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Apple considering cheaper - and larger - Android-like phones...

Discussion in 'Off Topic' started by PSkeptic, Feb 11, 2011.

  1. PSkeptic

    PSkeptic Android Expert
    Thread Starter

    Apple working on cheap iPhones to counter Android | Google Android Blog


    Seems Apple is copying a note from Android's playbook: Make a range of devices; and one size does NOT fit all.

    Last time Apple copied someone else, they were in the losing position in the battle of Mac vs. PC. And then, they tried it again in Mac. vs Linux. We saw the end result of both of those battles.
     

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  2. IOWA

    IOWA Mr. Logic Pants

    If Apple does this they might as well raise the white flag to Android. There goes half of their marketing strategy.
     
    Snow_Fox likes this.
  3. PSkeptic

    PSkeptic Android Expert
    Thread Starter

    Like I said, Apple did this twice before: Once with Wintel, then with Lintel. Then, they all but capitulated.
     
  4. Drhyde

    Drhyde Android Enthusiast

    Well, if the phones are decently built like the Nanos and Shuffles are, then they could gain a good size boost. I doubt it will help them in the long run though. Unless they can offer their phones for free (think things like T-Mobile's Comet and Charm that have been offered several times for free plus a recent sale with the G2, a high end Android), they're not going to gain anymore ground.

    Apple may get a boost in hardware sales, but I think they're counting more on app sales. Depending on how much weaker a low end phone would be, if it can't run all the apps that the regular iPhone can, they'll be risking losing app sales as well. They'll still have regular iTunes sales, but not a very good long term move I think. Perhaps if they just stopped overpricing the regular iPhone then they would gain more customers.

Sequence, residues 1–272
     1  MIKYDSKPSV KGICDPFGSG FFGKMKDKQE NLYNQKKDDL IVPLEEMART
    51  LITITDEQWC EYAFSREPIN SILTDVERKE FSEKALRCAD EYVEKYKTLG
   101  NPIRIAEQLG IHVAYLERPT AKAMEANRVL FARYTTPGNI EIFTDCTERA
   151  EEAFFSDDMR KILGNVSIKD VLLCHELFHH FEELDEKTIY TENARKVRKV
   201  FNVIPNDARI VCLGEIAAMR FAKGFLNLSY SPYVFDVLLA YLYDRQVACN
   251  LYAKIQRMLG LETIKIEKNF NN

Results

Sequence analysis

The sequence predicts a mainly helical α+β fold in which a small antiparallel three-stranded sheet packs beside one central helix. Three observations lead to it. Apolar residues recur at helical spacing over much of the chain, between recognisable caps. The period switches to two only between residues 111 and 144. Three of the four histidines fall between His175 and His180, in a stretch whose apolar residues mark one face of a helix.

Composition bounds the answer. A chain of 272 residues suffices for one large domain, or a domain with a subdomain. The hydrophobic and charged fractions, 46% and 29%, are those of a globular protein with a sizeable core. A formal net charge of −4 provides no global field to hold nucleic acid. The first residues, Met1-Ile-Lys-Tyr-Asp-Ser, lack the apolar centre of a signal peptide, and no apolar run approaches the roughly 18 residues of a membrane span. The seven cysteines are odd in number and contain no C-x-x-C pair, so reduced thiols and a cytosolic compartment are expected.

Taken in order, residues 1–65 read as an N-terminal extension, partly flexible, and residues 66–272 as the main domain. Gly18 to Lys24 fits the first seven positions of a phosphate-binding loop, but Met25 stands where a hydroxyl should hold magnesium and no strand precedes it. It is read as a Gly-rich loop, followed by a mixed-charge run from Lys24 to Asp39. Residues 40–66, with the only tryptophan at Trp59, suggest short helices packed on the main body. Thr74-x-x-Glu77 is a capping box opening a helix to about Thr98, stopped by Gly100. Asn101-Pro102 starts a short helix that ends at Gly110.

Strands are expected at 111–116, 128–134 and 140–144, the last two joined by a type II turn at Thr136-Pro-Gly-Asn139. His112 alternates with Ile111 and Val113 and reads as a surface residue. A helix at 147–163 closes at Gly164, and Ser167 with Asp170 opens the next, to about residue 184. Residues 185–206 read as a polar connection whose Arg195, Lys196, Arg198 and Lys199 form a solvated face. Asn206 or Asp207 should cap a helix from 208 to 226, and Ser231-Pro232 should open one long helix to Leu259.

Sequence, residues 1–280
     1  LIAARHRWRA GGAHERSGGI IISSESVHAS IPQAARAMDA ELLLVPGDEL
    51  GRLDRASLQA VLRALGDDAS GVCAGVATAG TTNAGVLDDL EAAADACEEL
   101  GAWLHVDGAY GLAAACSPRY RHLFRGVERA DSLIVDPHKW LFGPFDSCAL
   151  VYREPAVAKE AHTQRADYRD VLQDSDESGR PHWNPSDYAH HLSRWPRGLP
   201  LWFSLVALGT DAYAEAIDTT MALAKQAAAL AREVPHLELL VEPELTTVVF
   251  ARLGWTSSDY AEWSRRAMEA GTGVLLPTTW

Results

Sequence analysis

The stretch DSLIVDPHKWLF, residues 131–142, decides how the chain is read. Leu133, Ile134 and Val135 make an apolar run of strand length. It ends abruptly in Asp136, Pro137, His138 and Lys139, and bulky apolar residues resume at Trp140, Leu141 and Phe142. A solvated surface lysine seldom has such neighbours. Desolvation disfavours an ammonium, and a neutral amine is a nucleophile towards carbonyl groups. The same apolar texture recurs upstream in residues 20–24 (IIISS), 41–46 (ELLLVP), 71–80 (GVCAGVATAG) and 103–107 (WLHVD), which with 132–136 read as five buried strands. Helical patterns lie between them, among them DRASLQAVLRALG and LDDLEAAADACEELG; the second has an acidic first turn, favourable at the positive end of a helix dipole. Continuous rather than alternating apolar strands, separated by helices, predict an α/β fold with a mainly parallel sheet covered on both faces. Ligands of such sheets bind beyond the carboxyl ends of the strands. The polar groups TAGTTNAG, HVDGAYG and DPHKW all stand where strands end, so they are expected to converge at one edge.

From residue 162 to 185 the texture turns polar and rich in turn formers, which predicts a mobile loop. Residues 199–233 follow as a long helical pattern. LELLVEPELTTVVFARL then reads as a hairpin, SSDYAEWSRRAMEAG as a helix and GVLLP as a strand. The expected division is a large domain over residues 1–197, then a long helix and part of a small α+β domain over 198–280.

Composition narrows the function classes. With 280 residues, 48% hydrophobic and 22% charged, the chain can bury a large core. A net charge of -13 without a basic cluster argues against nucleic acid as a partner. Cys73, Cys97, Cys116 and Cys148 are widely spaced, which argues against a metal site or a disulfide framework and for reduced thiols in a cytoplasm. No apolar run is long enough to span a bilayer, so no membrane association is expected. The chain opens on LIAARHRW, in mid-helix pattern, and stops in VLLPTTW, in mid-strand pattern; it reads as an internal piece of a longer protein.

Still, if they are going this way, then yes, Stevie finally realizes that Android is going to pummel Apple eventually. Its a move that looks more desperation than strategic. I doubt they would have ever conceived such a phone unless Android came along and started rocking the smartphone boat.
     
  5. Bnice

    Bnice Guest

    So they going to go to a three grid icon row now?
     
    HustlinDaily and IOWA like this.
  6. Vihzel

    Vihzel Destroying Balls Everyday

    This seems to be just a rumor. There is hardly good evidence for this and it also seems to be very unlike Apple.
     
  7. A.Nonymous

    A.Nonymous Extreme Android User

    Does seem very unlike Apple. Also, Apple ended up beating Linux. Has a bigger market share than Linux does. Just throwing that out there.
     
  8. PSkeptic

    PSkeptic Android Expert
    Thread Starter

    Yeah, by like a percentage point lol
     
    Chidori602 and IOWA like this.
  9. ElasticNinja

    ElasticNinja Android Expert

    i think Linux is at 2% and Mac is at 7%
     
  10. PSkeptic

    PSkeptic Android Expert
    Thread Starter

    Ok, 5% lol

    Of course, those numbers do not take into account servers...
     
  11. SoFLO

    SoFLO Guest

    Very unlike Apple but I think a smart move by them...get their product into more hands, maybe people who thought the iPhone was out of their range before.
     
  12. IOWA

    IOWA Mr. Logic Pants

  13. A.Nonymous

    A.Nonymous Extreme Android User

    Not entirely true. While it may run some of the fastest computers in the world, MS still has something like an 85-90% share in the server world.
     
  14. EarlyMon

    EarlyMon The PearlyMon
    VIP Member

    The single iPod became a range of devices.

    I iBook became a range of laptops that are the MacBooks and MacBook Pros today.

    Don't see how changing from one device to a range of them would be in any way un-Apple-like.
     
    Outlaw71 and JunBringer like this.
  15. EarlyMon

    EarlyMon The PearlyMon
    VIP Member

    And 90% of them are delivering spam.
     
    neilhoja, Member243850 and mikedt like this.
  16. mikedt

    mikedt 你好

    This is probably why we see so many big red 'This site may harm your computer.' warnings these days.

    http://blog.auctionbytes.com/cgi-bin/blog/blog.pl?/pl/2009/2/1235318918.html
    ...seriously, is MS really the best software to be running on a large-scale server operation?

    The organisations with the biggest large-scale server farms, e.g. Google and Yahoo!, are using Linux.

    http://www.theregister.co.uk/2010/08/20/spanair_malware/
    'Malware may have been a contributory cause of a fatal Spanair crash that killed 154 people two years ago.... If the airlines' central computer was working properly a take-off after three warnings would not have been allowed, thereby averting the tragedy.'
    ...I only feel safer, because I know they're NOT using MS software to actually fly aeroplanes.
     
  17. A.Nonymous

    A.Nonymous Extreme Android User

    Most companies that run servers are not running large-scale server operations.